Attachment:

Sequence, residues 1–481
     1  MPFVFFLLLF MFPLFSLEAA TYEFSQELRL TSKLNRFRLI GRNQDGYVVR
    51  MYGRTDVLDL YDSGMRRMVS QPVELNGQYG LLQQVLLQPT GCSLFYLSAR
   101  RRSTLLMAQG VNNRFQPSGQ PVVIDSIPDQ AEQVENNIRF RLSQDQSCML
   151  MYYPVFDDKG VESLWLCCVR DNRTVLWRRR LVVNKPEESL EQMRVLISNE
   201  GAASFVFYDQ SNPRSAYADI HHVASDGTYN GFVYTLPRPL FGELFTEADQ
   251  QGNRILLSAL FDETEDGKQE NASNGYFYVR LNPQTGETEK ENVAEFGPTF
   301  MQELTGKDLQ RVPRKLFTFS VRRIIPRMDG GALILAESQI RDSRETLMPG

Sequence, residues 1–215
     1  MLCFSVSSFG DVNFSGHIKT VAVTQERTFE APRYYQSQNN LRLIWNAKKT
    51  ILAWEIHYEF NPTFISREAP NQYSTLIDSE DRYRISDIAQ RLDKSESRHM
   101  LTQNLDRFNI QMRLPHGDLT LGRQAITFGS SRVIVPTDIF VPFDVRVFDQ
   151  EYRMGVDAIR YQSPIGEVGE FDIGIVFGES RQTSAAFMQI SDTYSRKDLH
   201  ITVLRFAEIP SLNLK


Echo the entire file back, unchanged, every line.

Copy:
Sequence, residues 1–481
     1  MPFVFFLLLF MFPLFSLEAA TYEFSQELRL TSKLNRFRLI GRNQDGYVVR
    51  MYGRTDVLDL YDSGMRRMVS QPVELNGQYG LLQQVLLQPT GCSLFYLSAR
   101  RRSTLLMAQG VNNRFQPSGQ PVVIDSIPDQ AEQVENNIRF RLSQDQSCML
   151  MYYPVFDDKG VESLWLCCVR DNRTVLWRRR LVVNKPEESL EQMRVLISNE
   201  GAASFVFYDQ SNPRSAYADI HHVASDGTYN GFVYTLPRPL FGELFTEADQ
   251  QGNRILLSAL FDETEDGKQE NASNGYFYVR LNPQTGETEK ENVAEFGPTF
   301  MQELTGKDLQ RVPRKLFTFS VRRIIPRMDG GALILAESQI RDSRETLMPG

Sequence, residues 1–215
     1  MLCFSVSSFG DVNFSGHIKT VAVTQERTFE APRYYQSQNN LRLIWNAKKT
    51  ILAWEIHYEF NPTFISREAP NQYSTLIDSE DRYRISDIAQ RLDKSESRHM
   101  LTQNLDRFNI QMRLPHGDLT LGRQAITFGS SRVIVPTDIF VPFDVRVFDQ
   151  EYRMGVDAIR YQSPIGEVGE FDIGIVFGES RQTSAAFMQI SDTYSRKDLH
   201  ITVLRFAEIP SLNLK